Ory appears at 7:30 a.m. January 31 with the West Palm Beach Cancer Institute in association with Fertile Hope, a national organization dedicated to providing support to cancer patients and survivors whose medical treatments present the risk of infertility. The chemotherapy and radiation that treats cancer can destroy both women's and men's ability to conceive children. "We are pleased to be able to help patients who face the emotionally overwhelming medical challenges of life-threatening illness," he said. The Palm Beach Cancer Institute is located at the Good Samaritan Medical Center in West Palm Beach.Back to Top
Thirty Years After First IVF Baby: What Did the Future Really Bring?
With Louise Brown's birthday July 25, South Florida fertility expert reflects on evolution from uproar to acceptance – along with new ethical & sociological issues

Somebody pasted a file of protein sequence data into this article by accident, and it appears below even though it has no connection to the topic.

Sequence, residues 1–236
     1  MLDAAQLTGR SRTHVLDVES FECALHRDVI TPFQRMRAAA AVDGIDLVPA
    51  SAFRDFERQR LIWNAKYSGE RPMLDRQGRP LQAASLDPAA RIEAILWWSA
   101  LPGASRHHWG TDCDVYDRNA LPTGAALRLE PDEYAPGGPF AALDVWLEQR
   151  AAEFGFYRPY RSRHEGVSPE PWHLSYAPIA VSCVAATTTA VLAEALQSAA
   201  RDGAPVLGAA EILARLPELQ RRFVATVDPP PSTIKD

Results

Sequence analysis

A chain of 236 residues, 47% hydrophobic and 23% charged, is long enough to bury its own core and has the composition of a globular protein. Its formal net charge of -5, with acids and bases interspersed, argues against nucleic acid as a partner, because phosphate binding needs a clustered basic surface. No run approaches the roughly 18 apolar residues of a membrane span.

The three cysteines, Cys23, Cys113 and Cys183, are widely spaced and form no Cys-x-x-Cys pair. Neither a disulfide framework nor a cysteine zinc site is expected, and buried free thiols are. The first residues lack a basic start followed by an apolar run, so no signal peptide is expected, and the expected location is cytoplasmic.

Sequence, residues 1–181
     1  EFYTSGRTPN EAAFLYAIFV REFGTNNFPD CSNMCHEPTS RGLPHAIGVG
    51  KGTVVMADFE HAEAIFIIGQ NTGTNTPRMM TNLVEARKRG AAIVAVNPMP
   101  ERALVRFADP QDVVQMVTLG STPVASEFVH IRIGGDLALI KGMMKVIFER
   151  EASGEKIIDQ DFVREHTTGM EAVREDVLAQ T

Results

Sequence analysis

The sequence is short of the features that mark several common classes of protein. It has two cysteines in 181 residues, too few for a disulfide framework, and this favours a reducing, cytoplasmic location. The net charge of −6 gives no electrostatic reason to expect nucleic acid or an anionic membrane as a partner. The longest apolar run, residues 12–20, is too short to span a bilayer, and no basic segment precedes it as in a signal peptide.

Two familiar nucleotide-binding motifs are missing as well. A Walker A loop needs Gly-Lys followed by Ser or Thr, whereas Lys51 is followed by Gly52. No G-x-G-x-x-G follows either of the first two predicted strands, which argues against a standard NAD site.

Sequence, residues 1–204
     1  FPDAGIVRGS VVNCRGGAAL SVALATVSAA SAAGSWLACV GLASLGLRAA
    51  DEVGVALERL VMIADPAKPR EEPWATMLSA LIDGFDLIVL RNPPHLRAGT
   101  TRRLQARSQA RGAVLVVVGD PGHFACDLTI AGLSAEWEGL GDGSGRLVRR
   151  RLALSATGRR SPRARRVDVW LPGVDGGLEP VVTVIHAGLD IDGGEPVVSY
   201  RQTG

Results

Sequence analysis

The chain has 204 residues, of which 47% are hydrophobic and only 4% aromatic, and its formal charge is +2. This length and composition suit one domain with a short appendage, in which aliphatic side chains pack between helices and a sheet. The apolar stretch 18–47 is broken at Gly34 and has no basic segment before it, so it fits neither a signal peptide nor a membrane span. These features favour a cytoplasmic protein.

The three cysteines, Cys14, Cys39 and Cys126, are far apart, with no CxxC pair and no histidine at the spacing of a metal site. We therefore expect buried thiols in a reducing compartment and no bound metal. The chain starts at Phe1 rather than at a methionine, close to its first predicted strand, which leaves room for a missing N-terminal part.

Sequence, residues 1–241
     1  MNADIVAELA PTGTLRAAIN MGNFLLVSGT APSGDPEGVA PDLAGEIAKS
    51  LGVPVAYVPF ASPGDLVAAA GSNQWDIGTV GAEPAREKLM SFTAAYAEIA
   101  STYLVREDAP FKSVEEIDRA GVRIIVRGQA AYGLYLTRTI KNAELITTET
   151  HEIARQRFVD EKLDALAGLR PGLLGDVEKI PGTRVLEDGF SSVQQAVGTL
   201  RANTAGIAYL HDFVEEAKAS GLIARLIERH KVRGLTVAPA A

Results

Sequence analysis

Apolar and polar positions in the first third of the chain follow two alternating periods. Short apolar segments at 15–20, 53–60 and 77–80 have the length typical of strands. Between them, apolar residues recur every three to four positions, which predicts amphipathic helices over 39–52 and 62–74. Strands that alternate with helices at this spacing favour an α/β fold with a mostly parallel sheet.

MARGATE, FLORIDA – As English postal worker Louise Joy Brown approaches her 30th birthday July 25 as the world's first "test-tube baby," one of the first American doctors involved in in vitro fertilization (IVF) reflects from his South Florida practice on how routine the once-explosively-controversial medical procedure has become. At the time of Brown's birth in 1978, "most infertility practice related to tubal surgery for women, which wasn't very successful," said Dr. David Hoffman of IVF FLORIDA Reproductive Associates and past president of the Society for Assisted Reproductive Technology.
"Once we were able to retrieve eggs vaginally to use for IVF, the field changed radically. Fortunately, much of the initial paranoia about test-tube babies has been eclipsed by widespread education and acceptance of the medical benefits."